Why Even Dancers Need Rest
I recently heard that business people benefit from ‘free days’, a 24 hour period in which they not do or think anything about their business. After trying this myself, I confess I felt rejuvenated, more focused mentally, and ready to tackle the week’s dance lessons more then ever. But how often, or how long do we really need to rest for our body to fully recover?
Short-Term VS Long-Term Recovery
Short-term recovery is the immediate steps that are taken to cool down after or during any intensive activity like dancing. Rest in this context is usually meant to relax the muscles for a short time so they can re-energize. If you work out or dance intensively on a regular basis however, that would warrant long-term recovery, which includes days of rest to allow the body to recover. Dancing frequently without rest days gradually over-drafts our energy reserves, and can be the underlying cause behind traumatic or repetitive use injuries, as well as psychological effects like depression and irritability.
The Benefits of Rest
We are generally not very kind to our bodies. Our daily activities cause small tears to develop in our muscles and soft tissue, and waste chemicals to accumulate in the body and brain. Resting our body gives a chance for it to heal and flush out these harmful by-products. Studies also link rest with increased endurance and resistance to the stresses of life. If we keep pushing our body, it will continue to break down, and increase the risk of a more serious injury. So the negative side-effects of rest-deprivation can be seen less as a result of ‘over-training’ and more due to ‘under-recovering’.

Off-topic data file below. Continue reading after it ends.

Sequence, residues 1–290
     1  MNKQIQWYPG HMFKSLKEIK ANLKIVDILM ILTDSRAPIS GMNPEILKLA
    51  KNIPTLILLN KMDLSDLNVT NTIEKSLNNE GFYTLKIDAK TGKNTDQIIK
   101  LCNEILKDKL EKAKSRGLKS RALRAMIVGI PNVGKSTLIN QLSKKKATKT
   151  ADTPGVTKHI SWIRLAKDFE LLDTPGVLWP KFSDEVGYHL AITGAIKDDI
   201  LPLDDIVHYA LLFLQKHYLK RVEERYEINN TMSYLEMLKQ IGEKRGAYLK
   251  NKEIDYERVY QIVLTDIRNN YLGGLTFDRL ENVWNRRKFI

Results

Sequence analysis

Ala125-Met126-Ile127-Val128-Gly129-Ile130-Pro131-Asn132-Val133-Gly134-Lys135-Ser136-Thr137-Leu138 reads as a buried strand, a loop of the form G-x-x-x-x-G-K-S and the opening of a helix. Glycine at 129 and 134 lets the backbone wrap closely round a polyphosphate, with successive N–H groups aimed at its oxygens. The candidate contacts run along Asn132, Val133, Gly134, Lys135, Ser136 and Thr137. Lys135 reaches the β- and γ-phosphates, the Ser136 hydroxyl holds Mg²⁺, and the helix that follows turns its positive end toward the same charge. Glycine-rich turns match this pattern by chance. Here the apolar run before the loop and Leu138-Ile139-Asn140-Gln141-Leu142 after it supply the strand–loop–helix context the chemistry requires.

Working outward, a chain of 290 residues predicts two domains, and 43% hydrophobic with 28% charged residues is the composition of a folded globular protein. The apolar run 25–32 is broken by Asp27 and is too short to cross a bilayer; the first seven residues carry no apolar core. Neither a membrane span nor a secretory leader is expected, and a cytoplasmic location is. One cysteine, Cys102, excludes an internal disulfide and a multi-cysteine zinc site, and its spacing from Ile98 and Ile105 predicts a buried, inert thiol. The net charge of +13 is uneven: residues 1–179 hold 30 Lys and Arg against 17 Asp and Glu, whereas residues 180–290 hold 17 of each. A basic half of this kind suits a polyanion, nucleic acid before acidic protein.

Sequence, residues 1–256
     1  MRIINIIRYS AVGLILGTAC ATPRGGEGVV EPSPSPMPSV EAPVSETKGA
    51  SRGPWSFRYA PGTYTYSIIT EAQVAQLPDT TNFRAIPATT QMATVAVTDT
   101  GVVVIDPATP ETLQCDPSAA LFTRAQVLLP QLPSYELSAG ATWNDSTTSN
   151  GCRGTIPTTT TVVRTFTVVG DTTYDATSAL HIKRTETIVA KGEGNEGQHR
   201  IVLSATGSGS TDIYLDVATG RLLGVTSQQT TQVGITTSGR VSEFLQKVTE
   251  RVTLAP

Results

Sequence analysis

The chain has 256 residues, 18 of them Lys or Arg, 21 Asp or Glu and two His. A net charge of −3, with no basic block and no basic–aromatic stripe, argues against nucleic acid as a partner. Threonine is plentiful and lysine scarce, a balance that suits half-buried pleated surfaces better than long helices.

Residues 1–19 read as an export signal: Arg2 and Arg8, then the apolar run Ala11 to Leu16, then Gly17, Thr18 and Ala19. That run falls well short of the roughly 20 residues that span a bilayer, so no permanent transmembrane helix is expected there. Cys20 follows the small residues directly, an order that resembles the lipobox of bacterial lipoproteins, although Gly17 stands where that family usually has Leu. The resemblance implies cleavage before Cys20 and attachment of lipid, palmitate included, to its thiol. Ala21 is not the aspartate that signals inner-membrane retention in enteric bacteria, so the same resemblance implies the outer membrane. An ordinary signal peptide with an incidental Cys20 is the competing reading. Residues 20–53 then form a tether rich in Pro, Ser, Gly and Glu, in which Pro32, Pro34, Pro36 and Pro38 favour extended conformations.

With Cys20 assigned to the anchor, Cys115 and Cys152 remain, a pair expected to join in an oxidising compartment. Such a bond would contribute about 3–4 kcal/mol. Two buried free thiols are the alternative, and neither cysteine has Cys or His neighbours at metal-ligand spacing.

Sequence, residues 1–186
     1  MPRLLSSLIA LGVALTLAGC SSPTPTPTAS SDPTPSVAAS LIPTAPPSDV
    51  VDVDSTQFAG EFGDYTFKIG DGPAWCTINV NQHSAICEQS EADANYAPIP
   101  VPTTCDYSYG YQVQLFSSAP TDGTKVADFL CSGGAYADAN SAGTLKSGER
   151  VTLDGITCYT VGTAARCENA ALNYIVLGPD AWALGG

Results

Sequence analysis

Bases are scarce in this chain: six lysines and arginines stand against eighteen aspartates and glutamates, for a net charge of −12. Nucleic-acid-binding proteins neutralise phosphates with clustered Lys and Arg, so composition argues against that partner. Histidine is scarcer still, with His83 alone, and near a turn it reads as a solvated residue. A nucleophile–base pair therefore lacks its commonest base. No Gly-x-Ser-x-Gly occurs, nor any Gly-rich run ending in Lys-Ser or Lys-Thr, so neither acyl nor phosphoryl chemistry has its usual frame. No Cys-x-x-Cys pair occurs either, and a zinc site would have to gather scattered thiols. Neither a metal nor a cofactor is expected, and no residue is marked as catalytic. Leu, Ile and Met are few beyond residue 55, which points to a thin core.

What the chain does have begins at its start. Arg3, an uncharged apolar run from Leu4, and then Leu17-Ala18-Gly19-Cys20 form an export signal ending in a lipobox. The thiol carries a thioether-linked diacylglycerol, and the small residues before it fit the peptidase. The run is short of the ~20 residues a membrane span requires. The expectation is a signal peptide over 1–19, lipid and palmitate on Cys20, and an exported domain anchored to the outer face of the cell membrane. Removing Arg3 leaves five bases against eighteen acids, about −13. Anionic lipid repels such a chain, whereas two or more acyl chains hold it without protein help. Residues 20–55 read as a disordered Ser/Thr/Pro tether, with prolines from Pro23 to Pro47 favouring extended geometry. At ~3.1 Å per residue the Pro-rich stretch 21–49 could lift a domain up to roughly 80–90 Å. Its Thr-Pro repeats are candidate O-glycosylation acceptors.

How Often Should we Rest?
Here’s the fast answer: Studies suggest the body needs between 30-60 minutes of rest after hitting the dance floor with maximum muscle effort. However, our practice time generally doesn’t involve using everything we have, so we can probably take less time than this to recover. Also:
- If your body is more adapted to the current level of activity (you’ve been doing it for a while), you’ll be able to recover faster.
- Your body can adapt faster if the intensity of training is gradually increased: Resist the temptation to try doing it ‘like they do on TV’, if you’ve only a few lessons under your belt.
- If you are wearing out faster then you were last week, it’s likely a sign that you need a longer rest to recover.
A personal trainer can be a great resource to helping your body strengthen without fatigue or injury. Or you can DIY the situation by keeping a log book of your mood and energy after dance practice. Either way, just remember that our bodies are all different – pay attention to yours, and err on the side of caution.
Next week, it’s time to look at some exercises that can strengthen our bodies so they can move us for longer without fatigue. Or, if you want to learn about the foods that can fuel our strengthening muscles, click here.
National Centre for Biotechnology Information
About the Author
Ian Crewe has been dancing ballroom for almost 20 years, and is a Licentiate in American smooth and rhythm. His passion for dance and his endless seeking for ways to reach new audiences eventually led him to blogging and the World Wide Web. Ian currently teaches ballroom at the Joy of Dance Centre, Toronto, ON, Canada.
Pingback: Cross-training, and 4 Ways it Helps Your Dancing | Joy of DanceApril 19, 2018 6:34 pm
Sorry, the comment form is closed at this time.